My walk in the woods on Saturday was almost a rerun of my October 31 hike. Again I went to the Blue Ridge Tract of Shannondale Springs WMA and stopped at most of the same places.
You can compare photos of the trail last month and now. Click on the photo for the link back.
You can see the sawed tree that I find so many interesting things like slime molds and flat little beetles. This is where I found the slug last month. Most of these are just under the bark. I can peel back a bit of it to explore the underside and then replace it when I leave. I have been lifting the same section for at least a year now.
Why keep going back? Well, I read somewhere that if you want to see something new keep going over the same route. It usually works. This time I think I saw a lot of the same things but different views and in different stages such as the oyster mushrooms. First is the October photo and next is the latest one. You can see how the mushrooms have opened up more. I will try to remember to take a photo next month and see how it has changed once more.
Just on down the hill is Furnace Run Wetlands. It flows into a drainage ditch that runs under the fire road and into Furnace Run. I found some interesting plants here. One is a River Alder (Alnus serrulata). They are native to the United States and grow about 8-12 feet tall. They have beautiful delicate cones smaller than the tips of my little finger. I wasn’t able to take a photo of the cones but I did find some catkins hanging over the water. River alders are resistant to most insects and disease pests. .
I am not sure what the other one is. Any suggestions?
UPDATE: Woodswalker has suggested that this is a Branching Bur Reed (Sparganium angustifolium). I hope she is correct because it is on the WV species of concern list. I plan on getting back up there this weekend to get a more accurate description and fill out a lot of paper work to submit to the WV Deptartment of Natural Resources.
On up the hill I stopped at my favorite log with all the moss. Last month I found a little snail on cut the log but this one was on the moss log. These photos are a little better and show the pneumostome hole for breathing. I think this slug is rather cute. You can see the black dots of its eyes as it looks over its shoulder at me. The two antennas on the bottom are used for smelling and touch and don’t have eyes. I read that they can glide along a razor blade edge and not be cut but salt is deadly. I think salt may not be all that good for us either and I’ll definitely pass on the razor blade trick.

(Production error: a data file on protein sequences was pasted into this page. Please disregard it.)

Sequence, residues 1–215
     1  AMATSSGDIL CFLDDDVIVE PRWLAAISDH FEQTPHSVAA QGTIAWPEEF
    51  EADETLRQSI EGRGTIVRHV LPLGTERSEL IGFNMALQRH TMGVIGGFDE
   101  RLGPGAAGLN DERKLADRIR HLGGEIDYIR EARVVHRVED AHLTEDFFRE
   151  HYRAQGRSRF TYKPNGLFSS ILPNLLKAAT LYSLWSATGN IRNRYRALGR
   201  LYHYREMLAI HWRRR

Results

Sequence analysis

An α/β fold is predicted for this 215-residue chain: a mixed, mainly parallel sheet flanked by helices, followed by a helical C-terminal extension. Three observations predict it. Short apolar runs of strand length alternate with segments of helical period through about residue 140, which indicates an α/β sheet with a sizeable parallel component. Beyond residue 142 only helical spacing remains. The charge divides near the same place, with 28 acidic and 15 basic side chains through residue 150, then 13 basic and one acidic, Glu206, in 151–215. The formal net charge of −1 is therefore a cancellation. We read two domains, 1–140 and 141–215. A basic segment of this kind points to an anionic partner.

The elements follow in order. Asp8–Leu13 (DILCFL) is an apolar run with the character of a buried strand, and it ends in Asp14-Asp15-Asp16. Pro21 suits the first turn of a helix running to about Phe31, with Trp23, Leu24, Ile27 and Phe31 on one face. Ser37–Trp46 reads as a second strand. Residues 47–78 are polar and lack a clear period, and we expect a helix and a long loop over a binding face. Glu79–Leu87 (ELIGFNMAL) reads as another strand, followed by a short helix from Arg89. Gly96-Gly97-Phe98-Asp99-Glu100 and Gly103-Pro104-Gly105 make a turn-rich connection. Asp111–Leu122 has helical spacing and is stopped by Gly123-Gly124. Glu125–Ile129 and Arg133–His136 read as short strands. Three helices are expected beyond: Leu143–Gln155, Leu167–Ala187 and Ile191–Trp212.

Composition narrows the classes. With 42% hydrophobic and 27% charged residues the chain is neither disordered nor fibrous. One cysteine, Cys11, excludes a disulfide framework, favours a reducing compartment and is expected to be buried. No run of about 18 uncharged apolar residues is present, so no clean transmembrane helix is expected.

I found these mushrooms last time but this time I decided to tell you their name…“Deadly Galarina” (Galerina antumnalis). Another common name is “autumn skullcap”. As the name implies they are poisonous and should not be eaten…you will probably die. They are common in my region and found on rotting wood with moss. I recognize it by the small two-inch cinnamon-brown cap and the dark ring (annulus) on the thing stem (stipe). They sort of look like other brown mushrooms so be very careful if you collect and you should take spore prints for a more accurate identification and then don’t eat them. They mostly cluster in small groups but I have seen a lone one standing off from the pack as though it were being shunned for a bad deed. But I have never seen just one on a log.
At that point I turned around for home and left the mushrooms for the slug.
I will be enjoying Thanksgiving Holiday with friends; there is so much to be thankful for.
Squirrel's View [original photos, words and poetic attempts] is an ongoing work of creativity and thought by Cheryl Jennings (c) 2009 , and all rights are reserved by her. To quote from written materials or borrow images, contact her and ask for permission. She welcomes their use for educational purposes but wishes to be notified first. Thanks.